• Add to the ever-growing cache of stats designed to measure offensive line play something called the New York Life Protection Index. It’s a proprietary measurement developed by Stats Inc. and (obviously) sponsored by an insurance company that uses stats such as length of a team’s pass attempts, penalties by offensive linemen, sacks allowed and quarterback hurries and knockdowns to determine which line is doing the best job is pass protection. After one week the Detroit Lions have the lead with a score of 102.1, followed by the Patriots (94.8), Saints (90.1), and Bucs (89.0). At the bottom end of the spectrum, and the only team with a negative score, are the Vikings at -18.9. Evidently the NYLPI isn’t impressed by 39 yards of passing.


In racking up four miles of passing yardage during opening weekend, the NFL saw 14 quarterbacks top 300 yards and 18 throw for multiple touchdowns. Among the dozen who accomplished both were expected names like Brady, Brees, Rodgers and Rivers. There’s another group (Stafford, Cutler, Romo) who are on the cusp of joining the aforementioned regulars; the remainder—Rex Grossman, Kevin Kolb, Chad Henne, Mark Sanchez, and Cam Newton—are a bit more surprising.

Grossman was my “Take A Chance On Me” quarterback (on the Saturday morning radio show you can find a link to on the home page) due primarily to his matchup, and Henne was the TACOM pick of one of my colleagues for similar reasoning. Kolb had a nice matchup at home against the Panthers, and Sanchez was facing a Cowboys secondary that was missing one cornerback (with another nicked up) and lost another defensive back during the game. But Newton? Sure, he was the top overall pick but nobody saw his record-setting performance coming.

He, too, had a favorable matchup and now that teams have seen the offense Carolina has tailored to fit Newton’s skill set they’ll come up with ways to combat it. Tough to see him as a regular member of this club, though a) he’s a Vick-like threat to add fantasy points with his feet; and b) I’m putting in claims for him, too, because if he is all that and a bag of chips I want him blowing up on my bench rather than in my opponents’ lineup.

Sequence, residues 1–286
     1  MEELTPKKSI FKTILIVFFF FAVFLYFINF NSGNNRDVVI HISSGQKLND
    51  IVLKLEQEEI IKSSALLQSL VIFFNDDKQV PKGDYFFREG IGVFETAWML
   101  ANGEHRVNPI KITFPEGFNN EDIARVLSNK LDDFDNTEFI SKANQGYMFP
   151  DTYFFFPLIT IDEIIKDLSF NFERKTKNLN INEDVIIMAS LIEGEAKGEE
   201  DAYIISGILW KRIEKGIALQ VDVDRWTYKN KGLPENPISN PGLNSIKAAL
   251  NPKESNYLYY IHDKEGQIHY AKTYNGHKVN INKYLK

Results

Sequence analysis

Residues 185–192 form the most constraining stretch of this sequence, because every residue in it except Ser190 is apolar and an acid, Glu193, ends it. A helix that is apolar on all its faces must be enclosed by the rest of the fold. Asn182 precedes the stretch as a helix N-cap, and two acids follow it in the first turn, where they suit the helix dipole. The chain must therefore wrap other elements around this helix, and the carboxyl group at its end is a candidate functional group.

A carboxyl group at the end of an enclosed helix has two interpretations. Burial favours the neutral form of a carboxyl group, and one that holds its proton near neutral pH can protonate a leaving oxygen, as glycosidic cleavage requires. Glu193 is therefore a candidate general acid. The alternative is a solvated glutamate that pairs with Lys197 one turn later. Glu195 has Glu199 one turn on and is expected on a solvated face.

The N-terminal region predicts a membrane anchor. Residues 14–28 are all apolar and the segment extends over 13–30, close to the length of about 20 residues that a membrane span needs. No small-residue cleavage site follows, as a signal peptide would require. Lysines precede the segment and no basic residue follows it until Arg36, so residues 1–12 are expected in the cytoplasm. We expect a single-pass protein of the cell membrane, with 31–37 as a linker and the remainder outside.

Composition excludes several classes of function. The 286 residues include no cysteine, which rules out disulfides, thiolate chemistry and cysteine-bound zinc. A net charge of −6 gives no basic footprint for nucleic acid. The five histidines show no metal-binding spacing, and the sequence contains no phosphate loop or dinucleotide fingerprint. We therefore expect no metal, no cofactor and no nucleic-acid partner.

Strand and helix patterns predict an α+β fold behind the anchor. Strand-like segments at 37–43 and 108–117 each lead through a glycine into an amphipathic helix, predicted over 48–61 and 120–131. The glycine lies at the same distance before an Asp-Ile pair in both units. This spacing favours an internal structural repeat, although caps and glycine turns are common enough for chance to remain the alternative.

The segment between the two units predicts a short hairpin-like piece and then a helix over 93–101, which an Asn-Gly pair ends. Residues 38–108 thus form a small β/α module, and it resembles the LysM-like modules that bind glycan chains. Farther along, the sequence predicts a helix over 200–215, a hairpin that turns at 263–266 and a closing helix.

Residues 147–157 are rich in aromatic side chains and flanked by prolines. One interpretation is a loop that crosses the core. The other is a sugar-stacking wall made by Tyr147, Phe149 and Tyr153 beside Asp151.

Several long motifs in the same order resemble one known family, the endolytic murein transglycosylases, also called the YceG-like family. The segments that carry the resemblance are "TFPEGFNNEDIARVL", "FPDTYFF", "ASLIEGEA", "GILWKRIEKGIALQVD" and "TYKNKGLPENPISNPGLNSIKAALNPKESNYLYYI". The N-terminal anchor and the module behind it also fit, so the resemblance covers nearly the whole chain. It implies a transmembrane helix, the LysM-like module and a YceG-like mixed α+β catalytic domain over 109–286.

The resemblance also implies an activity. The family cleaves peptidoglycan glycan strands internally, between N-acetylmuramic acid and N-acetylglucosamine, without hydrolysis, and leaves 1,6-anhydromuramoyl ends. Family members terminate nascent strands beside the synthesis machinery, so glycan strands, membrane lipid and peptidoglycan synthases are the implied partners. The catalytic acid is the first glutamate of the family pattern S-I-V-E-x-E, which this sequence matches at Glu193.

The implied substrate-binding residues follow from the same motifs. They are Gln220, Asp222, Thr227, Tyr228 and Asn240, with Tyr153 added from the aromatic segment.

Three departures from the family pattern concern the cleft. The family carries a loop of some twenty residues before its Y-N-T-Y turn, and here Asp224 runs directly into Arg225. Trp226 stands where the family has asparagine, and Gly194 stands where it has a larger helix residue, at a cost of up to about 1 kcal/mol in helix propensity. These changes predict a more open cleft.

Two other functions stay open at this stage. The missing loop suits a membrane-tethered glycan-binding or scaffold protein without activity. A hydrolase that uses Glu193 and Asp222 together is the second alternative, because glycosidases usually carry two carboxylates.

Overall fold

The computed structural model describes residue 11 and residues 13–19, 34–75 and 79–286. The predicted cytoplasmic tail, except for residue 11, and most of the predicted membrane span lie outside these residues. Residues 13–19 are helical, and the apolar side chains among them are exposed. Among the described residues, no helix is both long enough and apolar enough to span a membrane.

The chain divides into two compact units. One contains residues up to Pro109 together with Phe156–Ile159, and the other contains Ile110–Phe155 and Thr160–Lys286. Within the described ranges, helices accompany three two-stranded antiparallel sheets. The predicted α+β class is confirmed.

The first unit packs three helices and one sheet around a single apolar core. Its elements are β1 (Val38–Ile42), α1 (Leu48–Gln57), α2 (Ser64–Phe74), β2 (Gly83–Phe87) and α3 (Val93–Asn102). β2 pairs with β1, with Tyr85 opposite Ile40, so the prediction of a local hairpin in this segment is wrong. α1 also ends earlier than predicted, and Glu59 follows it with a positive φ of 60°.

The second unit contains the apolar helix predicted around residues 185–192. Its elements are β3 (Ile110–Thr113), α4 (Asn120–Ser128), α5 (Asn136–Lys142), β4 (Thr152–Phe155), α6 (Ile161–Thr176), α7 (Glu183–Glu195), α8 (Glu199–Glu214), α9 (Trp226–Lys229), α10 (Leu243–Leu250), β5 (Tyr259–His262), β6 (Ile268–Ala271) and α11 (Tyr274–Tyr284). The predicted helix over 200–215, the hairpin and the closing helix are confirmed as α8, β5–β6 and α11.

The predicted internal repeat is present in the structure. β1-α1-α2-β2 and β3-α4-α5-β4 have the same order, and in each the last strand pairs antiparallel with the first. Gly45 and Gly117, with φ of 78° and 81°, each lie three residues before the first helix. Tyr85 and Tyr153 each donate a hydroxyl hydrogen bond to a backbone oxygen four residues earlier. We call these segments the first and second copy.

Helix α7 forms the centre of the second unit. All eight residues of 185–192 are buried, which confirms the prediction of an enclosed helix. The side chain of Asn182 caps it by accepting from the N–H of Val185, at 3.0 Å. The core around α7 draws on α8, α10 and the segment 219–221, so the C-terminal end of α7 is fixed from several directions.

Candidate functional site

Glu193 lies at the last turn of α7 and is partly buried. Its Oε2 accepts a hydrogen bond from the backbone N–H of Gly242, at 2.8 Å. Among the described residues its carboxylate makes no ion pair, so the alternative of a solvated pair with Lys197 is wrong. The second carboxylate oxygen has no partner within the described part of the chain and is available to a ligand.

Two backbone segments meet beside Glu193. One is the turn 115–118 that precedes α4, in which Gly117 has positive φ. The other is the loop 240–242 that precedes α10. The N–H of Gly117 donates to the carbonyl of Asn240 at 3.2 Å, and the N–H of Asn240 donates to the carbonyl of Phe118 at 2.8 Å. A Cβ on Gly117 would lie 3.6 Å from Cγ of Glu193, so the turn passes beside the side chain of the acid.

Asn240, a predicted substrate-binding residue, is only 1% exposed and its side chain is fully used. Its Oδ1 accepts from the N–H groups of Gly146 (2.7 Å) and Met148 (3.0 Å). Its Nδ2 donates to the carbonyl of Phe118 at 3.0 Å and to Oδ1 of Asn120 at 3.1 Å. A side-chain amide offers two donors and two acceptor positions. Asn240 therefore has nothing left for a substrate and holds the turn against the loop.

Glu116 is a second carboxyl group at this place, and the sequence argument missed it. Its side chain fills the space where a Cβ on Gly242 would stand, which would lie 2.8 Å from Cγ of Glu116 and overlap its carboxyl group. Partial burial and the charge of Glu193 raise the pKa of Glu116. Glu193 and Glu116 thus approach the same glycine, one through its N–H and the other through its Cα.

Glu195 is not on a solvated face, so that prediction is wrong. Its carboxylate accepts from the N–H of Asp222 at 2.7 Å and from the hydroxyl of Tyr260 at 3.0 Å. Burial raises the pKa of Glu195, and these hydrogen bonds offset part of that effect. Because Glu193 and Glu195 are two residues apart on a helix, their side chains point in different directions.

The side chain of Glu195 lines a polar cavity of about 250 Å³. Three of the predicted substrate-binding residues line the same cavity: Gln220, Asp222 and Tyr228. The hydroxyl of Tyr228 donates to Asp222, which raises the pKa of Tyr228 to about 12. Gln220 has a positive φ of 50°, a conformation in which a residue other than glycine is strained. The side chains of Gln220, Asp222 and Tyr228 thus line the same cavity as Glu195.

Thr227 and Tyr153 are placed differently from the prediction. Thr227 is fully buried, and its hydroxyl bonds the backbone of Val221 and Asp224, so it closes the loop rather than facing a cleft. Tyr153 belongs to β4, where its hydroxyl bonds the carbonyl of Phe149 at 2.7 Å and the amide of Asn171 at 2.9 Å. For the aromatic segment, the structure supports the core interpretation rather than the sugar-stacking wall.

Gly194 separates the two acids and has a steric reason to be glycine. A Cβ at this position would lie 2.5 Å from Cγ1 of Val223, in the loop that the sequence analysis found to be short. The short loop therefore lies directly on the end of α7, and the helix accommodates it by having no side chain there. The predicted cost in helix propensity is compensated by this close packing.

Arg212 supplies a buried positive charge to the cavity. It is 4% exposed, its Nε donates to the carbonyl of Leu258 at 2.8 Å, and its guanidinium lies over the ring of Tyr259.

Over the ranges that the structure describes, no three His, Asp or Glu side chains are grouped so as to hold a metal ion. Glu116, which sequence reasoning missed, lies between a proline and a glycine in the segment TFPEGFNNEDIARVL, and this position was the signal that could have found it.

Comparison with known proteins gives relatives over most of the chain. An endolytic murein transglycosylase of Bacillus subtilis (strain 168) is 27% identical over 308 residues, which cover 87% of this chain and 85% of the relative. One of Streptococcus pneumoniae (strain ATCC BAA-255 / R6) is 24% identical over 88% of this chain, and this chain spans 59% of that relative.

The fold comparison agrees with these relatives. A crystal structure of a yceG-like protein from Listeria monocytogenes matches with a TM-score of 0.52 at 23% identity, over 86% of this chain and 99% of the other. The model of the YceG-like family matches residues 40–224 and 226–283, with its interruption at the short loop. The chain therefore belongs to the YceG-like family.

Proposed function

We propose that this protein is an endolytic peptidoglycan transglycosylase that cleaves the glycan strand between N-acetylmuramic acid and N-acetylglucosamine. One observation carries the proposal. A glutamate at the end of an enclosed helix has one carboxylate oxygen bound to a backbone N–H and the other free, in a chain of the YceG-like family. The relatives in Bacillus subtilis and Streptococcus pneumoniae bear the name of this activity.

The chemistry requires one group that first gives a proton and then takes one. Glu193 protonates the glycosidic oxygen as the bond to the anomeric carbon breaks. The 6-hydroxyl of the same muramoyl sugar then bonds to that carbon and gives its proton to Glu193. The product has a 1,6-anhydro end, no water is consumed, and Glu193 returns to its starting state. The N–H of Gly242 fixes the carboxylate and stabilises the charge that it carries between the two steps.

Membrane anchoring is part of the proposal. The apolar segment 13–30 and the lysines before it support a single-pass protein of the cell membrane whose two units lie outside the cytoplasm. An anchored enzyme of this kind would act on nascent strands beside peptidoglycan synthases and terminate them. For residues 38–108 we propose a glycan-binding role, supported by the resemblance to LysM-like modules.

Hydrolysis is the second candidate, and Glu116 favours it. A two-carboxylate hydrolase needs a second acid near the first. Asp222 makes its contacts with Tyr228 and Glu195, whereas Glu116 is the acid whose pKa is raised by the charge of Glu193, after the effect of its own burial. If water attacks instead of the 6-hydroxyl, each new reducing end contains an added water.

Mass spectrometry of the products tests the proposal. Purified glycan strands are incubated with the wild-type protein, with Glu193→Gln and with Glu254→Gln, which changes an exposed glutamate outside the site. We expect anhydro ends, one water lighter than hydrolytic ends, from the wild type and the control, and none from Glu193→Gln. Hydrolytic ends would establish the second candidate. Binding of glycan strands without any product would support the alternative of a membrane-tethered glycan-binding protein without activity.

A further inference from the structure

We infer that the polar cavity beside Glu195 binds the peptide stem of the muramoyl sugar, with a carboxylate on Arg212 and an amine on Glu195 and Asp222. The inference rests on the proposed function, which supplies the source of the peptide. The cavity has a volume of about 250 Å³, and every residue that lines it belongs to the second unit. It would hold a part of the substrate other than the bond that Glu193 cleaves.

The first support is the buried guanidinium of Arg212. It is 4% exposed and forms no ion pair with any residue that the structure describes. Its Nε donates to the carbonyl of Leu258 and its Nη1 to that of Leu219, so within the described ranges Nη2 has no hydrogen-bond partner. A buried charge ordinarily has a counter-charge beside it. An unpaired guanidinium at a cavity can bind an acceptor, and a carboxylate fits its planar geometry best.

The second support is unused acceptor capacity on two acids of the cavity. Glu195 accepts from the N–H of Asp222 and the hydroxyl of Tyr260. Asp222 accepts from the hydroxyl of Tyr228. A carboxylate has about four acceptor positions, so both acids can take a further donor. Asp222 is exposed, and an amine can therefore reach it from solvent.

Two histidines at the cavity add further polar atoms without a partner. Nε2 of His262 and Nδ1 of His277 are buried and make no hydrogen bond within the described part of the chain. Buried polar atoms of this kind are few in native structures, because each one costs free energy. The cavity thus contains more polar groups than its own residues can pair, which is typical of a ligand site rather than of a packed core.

I’m no technophobe, but in general I warm up to the next big thing slowly. So while I’ve had a Twitter account for quite some time I haven’t been the most active tweeter. I’m looking to change that, though I’m not the type to flood your smart phone with “what I’m having for breakfast” updates (turkey sausage, raspberry acai yogurt, and a vanilla Special K bar). Instead, I’ll tweet links to Huddle stories as they post, my weekly TACOM guys, and other stuff you might find helpful.

I also intend to do my very best to answer any fantasy questions you direct at me. No promises, but I don’t sleep much Saturday night so this will give me something to do while watching West Coast college football.

Speaking of Twitter, evidently I’ve been pegged as the anti-Forte guy; one follower asked if I was still a “Forte doubter” following his 16-68 rushing, 5-90-1 receiving performance against the Falcons. Though I wasn’t the Forte bandwagon hood ornament (our very own Jumbotron claimed that perch), I’m not entirely sure how I earned such a distinction. I did, after all, have him as a start in Week 1.

Do I expect 16-68 on a weekly basis? No. Will he struggle at the stripe, to the point that when healthy Marion Barber might take that role? Yes. But do I openly despise Forte? He’s a top-10 back in this week’s Rest of the Season Rankings, so I guess if I was a doubter before then JUM has converted me. Just don’t splash that Beanie Wells holy water my way.